However, Emery has refused to confirm whether Xhaka will remain captain after Sunday’s incident.
“At the moment I am not speaking and I don’t want to think about that,” the Spaniard added.
“It is not easy for him and for the team. We spoke yesterday, and Sunday night also, and this morning.
“He trained normally with the group but he is devastated and sad about the situation.”
Brentford and Millwall have been charged by the Football Association following an incident late on in Saturday’s Championship game.
Brentford won 3-2, having trailed 2-0 with six minutes remaining, and in stoppage time several players from both sides were involved in a melee.
Both clubs have until 18:00 BST on Thursday, 24 October to respond.
“Brentford and Millwall have been charged for being in breach of FA Rule E20,” an FA statement said.
“It is alleged that both clubs failed to ensure that its players conducted themselves in an orderly fashion and/or refrained from provocative behaviour in the 91st minute.”
Extinction Rebellion activists are continuing protests despite a London-wide ban by police.
The group says it has taken initial steps towards a judicial review of the ban. Lawyers and politicians have also criticised the move.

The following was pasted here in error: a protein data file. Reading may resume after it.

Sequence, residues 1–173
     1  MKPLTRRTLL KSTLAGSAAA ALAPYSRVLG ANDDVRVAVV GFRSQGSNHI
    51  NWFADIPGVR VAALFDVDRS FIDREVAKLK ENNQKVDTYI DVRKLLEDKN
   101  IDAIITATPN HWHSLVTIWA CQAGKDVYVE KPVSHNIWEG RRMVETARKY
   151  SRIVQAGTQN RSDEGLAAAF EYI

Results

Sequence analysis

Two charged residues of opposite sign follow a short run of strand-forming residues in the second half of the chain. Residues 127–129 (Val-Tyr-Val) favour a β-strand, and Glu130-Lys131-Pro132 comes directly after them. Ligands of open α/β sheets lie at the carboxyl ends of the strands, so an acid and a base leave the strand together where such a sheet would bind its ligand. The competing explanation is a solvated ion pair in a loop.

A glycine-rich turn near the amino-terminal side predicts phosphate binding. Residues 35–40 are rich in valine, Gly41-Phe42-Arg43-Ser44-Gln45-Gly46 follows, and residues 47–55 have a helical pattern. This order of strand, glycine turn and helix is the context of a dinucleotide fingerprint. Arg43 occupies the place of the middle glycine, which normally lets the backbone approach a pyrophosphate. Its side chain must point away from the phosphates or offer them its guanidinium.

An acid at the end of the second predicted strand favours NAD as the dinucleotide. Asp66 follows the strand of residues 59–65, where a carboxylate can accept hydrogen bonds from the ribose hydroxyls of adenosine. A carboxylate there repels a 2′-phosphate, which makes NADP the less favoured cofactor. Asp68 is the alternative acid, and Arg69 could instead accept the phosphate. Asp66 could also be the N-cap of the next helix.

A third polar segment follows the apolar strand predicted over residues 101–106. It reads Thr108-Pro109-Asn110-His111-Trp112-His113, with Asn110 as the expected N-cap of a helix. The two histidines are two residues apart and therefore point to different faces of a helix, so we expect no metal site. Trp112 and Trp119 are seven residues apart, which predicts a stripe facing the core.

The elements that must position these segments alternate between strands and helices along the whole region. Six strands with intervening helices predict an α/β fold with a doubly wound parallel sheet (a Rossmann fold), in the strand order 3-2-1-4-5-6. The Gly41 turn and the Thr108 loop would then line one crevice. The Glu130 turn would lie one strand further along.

Meanwhile climate change protesters targeted the Department for Transport and MI5 on Tuesday morning.
A government spokeswoman said protests “should not disrupt people’s day-to-day lives”.
Extinction Rebellion’s co-founder, Gail Bradbrook, was arrested after climbing on to the entrance of the Department for Transport on Tuesday morning. Police also cleared further protesters from outside the building.
Activists have also been arrested on Millbank outside MI5’s headquarters, where a small group had gathered. Two men briefly sat in the middle of the road before being moved by officers.
On Monday evening, the Metropolitan Police began clearing protesters from Trafalgar Square following the announcement of a ban on the protests.
Under Section 14 of the Public Order Act, the force had imposed conditions requiring activists to stop their protests in central London by 21:00 BST on 14 October or risk arrest.
The Metropolitan Police said that the ban was imposed after “continued breaches” of a condition limiting the demonstration to Trafalgar Square.
Extinction Rebellion said it had taken the “first steps” towards a judicial review of the Met’s “disproportionate and unprecedented attempt to curtail peaceful protest”.
“Our lawyers have delivered a ‘Letter before Action’ to the Met and asked for an immediate response,” a statement read.
Tobias Garnett, a human rights lawyer working for the movement, said the letter warned police to withdraw the order.
He said the campaign group had given the police a deadline of 1430 BST to respond, or it would file a claim in the High Court.
“We will be looking for an expedited hearing either today or tomorrow morning,” he added.
Speaking to the Victoria Derbyshire programme, Extinction Rebellion campaigner and former Met Police officer Paul Stephens said: “Police are being really sloppy with the law, and it won’t stand up in court.”